Keywords: [ label smoothing ] [ semantic parsing ] [ calibration ] [ structured prediction ]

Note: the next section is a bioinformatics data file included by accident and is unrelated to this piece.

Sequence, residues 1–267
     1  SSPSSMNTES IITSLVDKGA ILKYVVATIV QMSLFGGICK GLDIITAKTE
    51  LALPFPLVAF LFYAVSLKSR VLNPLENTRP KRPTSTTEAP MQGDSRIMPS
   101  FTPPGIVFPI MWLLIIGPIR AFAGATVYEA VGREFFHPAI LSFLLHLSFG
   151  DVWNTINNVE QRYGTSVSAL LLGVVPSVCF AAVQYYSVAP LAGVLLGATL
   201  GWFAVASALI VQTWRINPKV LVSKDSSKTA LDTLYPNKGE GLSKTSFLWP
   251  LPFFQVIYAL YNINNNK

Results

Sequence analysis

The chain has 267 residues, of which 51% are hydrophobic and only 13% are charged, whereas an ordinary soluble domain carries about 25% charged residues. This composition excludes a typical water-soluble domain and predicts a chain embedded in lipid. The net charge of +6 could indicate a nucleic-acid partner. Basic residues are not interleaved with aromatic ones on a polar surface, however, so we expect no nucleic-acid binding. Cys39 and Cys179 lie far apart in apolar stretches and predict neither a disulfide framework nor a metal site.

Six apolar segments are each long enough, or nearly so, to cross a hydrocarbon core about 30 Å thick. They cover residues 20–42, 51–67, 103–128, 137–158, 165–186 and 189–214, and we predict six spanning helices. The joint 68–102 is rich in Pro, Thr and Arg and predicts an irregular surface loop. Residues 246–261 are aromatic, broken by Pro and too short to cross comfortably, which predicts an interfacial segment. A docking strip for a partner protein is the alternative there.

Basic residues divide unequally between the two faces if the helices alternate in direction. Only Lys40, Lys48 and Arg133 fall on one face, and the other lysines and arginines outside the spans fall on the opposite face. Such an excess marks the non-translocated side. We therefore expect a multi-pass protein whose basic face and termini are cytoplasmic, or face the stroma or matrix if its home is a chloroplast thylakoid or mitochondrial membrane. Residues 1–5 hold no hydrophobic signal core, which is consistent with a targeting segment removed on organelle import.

Training with soft targets instead of hard targets has been shown to improve performance and calibration of deep neural networks. Label smoothing is a popular way of computing soft targets, where one-hot encoding of a class is smoothed with a uniform distribution. Owing to its simplicity, label smoothing has found wide-spread use for training deep neural networks on a wide variety of tasks, ranging from image and text classification to machine translation and semantic parsing. Complementing recent empirical justification for label smoothing, we obtain PAC-Bayesian generalization bounds for label smoothing and show that the generalization error depends on the choice of the noise (smoothing) distribution. Then we propose low-rank adaptive label smoothing (LORAS): a simple yet novel method for training with learned soft targets that generalizes label smoothing and adapts to the latent structure of the label space in structured prediction tasks. Specifically, we evaluate our method on semantic parsing tasks and show that training with appropriately smoothed soft targets can significantly improve accuracy and model calibration, especially in low-resource settings. Used in conjunction with pre-trained sequence-to-sequence models, our method achieves state of the art performance on four semantic parsing data sets. LORAS can be used with any model, improves performance and implicit model calibration without increasing the number of model parameters, and can be scaled to problems with large label spaces containing tens of thousands of labels.